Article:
why the jump?

What caused New York City’s state test scores to jump?

PHOTO: Monica Disare
State Education Commissioner MaryEllen Elia at the School of Diplomacy in the Bronx.

When State Commissioner MaryEllen Elia announced this year’s state test scores, she said she wasn’t sure exactly what caused such a big statewide bump — nearly 7 percent in English proficiency and 1 percent point in math.

“We cannot pinpoint exactly why the test [scores] increased,” she told reporters on Friday afternoon.

Her comments immediately turned the spike in scores into an education-world Rorschach test, and everyone saw something different in the inkblot. Mayor Bill de Blasio immediately claimed victory for the city’s almost 8 percent increase in English proficiency, while charter school advocates zeroed in on the even bigger increase in charter test scores, and researchers rolled their eyes, pointing out that test scores are an unreliable marker of progress — especially when the tests themselves have changed.

So who’s right? The answer likely involves some combination of student learning and test tweaks. We’ve compiled a list of the most prominent theories and looked at the evidence for each.

The de Blasio reforms are working

City officials wasted no time claiming de Blasio-era reforms drove the rise in test scores.

“A lot is changing, and this is pure, hard evidence that these changes are working, and we expect a lot more to come,” said de Blasio at a Monday press conference. He cited his “Renewal” program for struggling schools; his administration’s support of community schools, which offer additional services to families; and his universal pre-K push.

De Blasio’s case is supported by the fact that city proficiency rates increased more, on average, than test scores statewide. While the percentage of students passing state English scores increased by 6.6 percent, the city’s increased by 7.6 percent. Commissioner Elia also gave the city kudos, saying a renewed focus on teacher training and writing might explain the jump in scores.

State tests got easier

Could de Blasio-era reforms explain the entire increase in test scores? Probably not.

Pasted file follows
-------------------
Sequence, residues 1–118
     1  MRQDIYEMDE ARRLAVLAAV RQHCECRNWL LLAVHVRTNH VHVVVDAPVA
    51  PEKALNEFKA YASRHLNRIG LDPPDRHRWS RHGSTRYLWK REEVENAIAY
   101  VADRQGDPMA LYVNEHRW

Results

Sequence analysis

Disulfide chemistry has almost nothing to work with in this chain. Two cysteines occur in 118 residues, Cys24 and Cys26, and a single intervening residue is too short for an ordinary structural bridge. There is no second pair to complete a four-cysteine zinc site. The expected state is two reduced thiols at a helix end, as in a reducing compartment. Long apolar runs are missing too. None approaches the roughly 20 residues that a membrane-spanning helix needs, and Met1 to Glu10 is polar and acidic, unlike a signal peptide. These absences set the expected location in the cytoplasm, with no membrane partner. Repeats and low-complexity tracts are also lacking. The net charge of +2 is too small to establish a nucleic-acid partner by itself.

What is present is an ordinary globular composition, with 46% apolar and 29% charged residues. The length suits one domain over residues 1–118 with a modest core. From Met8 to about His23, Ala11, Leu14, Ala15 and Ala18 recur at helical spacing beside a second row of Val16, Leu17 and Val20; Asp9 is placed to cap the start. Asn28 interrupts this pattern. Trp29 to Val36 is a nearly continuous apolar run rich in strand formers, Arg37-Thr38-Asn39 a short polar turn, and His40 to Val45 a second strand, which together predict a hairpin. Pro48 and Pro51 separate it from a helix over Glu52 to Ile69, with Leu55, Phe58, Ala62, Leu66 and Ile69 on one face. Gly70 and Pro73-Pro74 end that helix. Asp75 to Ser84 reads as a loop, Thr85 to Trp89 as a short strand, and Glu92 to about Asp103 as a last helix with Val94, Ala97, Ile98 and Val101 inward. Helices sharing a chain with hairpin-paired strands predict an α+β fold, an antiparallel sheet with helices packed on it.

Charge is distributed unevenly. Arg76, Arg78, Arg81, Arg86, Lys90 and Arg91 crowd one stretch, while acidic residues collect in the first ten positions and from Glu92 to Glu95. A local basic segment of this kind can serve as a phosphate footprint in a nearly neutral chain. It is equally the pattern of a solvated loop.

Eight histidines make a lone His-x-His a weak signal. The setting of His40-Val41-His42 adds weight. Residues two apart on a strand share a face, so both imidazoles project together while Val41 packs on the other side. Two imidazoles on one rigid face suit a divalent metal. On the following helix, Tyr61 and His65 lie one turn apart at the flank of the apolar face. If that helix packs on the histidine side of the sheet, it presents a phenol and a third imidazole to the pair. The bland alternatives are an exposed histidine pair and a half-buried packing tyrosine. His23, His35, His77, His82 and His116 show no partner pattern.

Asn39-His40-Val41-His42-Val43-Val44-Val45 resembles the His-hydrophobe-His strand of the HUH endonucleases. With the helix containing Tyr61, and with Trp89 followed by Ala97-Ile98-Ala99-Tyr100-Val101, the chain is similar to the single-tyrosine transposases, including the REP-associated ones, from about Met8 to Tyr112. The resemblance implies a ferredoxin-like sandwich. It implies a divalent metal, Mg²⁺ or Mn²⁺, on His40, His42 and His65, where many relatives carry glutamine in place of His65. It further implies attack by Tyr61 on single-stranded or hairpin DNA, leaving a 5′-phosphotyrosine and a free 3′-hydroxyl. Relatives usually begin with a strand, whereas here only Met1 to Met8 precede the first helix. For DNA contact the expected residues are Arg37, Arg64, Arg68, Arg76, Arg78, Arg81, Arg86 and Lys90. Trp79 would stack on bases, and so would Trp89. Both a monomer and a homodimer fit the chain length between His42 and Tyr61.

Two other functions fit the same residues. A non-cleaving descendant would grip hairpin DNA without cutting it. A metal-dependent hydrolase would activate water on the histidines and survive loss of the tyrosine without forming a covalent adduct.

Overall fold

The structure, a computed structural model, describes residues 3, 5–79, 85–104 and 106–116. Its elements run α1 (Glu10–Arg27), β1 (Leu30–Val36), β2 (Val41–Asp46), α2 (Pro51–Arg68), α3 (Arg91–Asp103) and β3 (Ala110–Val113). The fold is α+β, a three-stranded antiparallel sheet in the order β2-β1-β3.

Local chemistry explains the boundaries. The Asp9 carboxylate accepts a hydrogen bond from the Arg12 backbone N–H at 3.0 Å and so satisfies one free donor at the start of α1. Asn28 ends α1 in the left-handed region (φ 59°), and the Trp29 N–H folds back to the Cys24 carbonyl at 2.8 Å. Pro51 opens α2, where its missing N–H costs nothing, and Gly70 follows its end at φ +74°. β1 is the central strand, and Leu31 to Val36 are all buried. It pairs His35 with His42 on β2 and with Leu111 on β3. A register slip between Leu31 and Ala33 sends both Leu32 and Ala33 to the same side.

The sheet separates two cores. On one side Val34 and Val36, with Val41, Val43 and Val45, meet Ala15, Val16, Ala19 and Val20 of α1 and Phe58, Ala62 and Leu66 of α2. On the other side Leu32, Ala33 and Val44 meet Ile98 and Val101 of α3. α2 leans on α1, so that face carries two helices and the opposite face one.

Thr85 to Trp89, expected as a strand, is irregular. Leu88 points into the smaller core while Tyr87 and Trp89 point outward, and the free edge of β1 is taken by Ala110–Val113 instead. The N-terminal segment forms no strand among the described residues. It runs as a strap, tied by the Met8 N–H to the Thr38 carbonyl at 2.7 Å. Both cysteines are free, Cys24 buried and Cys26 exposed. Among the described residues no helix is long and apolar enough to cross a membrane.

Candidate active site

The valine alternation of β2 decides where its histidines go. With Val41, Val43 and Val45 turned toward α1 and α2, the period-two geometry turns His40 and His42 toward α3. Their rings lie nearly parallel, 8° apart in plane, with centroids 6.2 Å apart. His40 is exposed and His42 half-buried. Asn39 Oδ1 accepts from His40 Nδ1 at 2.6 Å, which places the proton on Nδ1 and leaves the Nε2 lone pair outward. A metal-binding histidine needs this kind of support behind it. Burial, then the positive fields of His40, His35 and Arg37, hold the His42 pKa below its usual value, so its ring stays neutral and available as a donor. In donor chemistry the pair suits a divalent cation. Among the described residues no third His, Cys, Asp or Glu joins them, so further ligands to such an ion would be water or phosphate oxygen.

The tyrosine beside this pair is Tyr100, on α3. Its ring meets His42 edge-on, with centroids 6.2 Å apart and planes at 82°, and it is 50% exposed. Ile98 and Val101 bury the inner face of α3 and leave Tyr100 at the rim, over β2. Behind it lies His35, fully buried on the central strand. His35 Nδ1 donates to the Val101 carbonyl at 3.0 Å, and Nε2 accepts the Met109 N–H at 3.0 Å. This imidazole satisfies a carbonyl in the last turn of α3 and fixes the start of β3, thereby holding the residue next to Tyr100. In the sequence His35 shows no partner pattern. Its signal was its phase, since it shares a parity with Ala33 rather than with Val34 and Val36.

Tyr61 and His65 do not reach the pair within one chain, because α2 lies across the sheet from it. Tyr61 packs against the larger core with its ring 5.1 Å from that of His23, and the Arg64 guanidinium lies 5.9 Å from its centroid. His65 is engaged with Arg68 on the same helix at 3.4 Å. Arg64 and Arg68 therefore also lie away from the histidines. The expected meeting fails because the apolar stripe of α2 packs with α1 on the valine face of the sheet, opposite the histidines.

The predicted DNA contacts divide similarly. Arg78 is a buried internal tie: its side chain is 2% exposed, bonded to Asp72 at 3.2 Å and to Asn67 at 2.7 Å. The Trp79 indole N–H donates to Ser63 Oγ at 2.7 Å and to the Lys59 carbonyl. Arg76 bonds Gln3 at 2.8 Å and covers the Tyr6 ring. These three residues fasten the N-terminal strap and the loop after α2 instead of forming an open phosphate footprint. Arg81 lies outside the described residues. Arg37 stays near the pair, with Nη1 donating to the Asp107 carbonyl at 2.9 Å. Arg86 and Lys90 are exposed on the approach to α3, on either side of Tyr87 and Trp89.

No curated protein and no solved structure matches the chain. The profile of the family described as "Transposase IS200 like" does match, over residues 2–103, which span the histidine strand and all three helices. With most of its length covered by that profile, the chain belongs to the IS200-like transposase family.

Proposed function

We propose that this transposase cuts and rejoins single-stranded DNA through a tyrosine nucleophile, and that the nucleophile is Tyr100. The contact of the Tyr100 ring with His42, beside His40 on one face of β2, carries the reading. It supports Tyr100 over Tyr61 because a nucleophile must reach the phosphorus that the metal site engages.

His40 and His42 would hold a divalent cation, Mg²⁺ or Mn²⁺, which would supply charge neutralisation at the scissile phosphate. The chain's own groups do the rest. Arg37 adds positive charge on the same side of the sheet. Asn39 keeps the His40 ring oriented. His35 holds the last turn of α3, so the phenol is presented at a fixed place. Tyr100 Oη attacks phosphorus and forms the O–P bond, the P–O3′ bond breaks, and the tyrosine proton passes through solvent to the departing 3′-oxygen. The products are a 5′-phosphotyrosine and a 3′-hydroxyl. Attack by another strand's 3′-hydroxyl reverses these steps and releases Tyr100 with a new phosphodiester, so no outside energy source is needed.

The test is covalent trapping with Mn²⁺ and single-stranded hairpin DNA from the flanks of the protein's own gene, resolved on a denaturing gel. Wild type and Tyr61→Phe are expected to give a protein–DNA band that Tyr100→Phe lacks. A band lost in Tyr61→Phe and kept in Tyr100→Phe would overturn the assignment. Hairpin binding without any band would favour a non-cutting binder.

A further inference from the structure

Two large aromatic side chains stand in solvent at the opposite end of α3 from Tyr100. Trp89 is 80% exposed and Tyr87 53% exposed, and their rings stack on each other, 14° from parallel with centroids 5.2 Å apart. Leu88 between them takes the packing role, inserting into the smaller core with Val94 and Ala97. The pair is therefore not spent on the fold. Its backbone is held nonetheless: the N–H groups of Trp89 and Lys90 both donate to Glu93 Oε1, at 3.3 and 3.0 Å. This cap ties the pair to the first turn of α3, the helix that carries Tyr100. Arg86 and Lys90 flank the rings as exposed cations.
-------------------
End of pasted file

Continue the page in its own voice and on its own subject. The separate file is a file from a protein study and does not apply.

State tests across the state went up significantly — so much that Elia herself cautioned this year’s test scores are not an “apples-to-apples” comparison to last year’s. In response to the backlash over the introduction of Common Core-based assessments, officials made a number of changes to the tests this year, including shortening them and giving students unlimited time. Researchers said those changes likely explain some, if not much, of the statewide increase.

The increases “are sufficiently large that it makes me think there’s something about the difference in the tests from last year that accounts for the difference in growth,” said Aaron Pallas, a professor of sociology and education at Teachers College at Columbia University.

Charter schools are part of the answer

Just as quickly as Fariña and de Blasio celebrated the rise in scores, charter school advocates — frequent rivals of de Blasio — jumped in with their own good news.

City charter school English proficiency rate went up by 13.7 percent, beating the city’s overall average increase by a fair margin. Success Academy CEO Eva Moskowitz dismissed the rising scores at traditional district schools since they mirrored the state’s more closely and could thus be explained by the test changes, she argued. To “find real improvement,” she wrote in the New York Daily News, officials should look to charter schools instead.

New York City charter schools’ scores are analyzed separately from district schools, and so the charter growth didn’t contribute to — or account for — the city’s bump, state officials said. But their scores did contribute to the statewide increase.

The Common Core is working

There might be other explanations, but here’s the last one we’ll explore: The Common Core is working.

In 2013, state officials implemented tests aligned to the more rigorous Common Core learning standards. Experts knew the new tests would likely cause an immediate drop in scores, but officials hoped that over time, students and teachers would adjust to the new material and eventually test scores would rise.

Could this be a sign they were right? One piece of evidence to support that theory is the fact that the biggest increases in English proficiency were among third-graders, who started their elementary school education with a Common Core curriculum. Third grade proficiency levels in the state increased by 10.9 percent.

That did not go unnoticed by the Education Trust, a nonprofit that heralded the progress on state tests as a sign that higher standards work.

“The Common Core state standards and tests have been unfairly demonized and used to excuse the failures of our education system,” two leaders of the group wrote. “When we truly listen to what teachers, parents and students are saying, we know that high standards, implemented well, enable students to thrive.”

In the end, it’s likely too early to know exactly what drove the results, said Pallas, the Columbia testing expert. He is trying to isolate how much of the change has to do with test structure, as opposed to better instruction or learning. Right now, he said, parsing the two is tricky.

“There’s just too many moving parts right now,” he explained. “We’ll be able to have a better sense of what’s going on [eventually], but right now we’re in this gray area.”

 

star power

Matt Damon’s latest role: The voice of an education documentary featuring Tennessee testing

PHOTO: Sarah Mondale, Vera Aronow

Tennessee’s debate about over-testing is a cause célèbre — or at least a cause drawing the attention of Matt Damon.

The movie star narrates a new documentary that explores the privatization of public schools. It features Nashville’s Gower Elementary School, as well as board member Amy Frogge of Metropolitan Nashville Public Schools.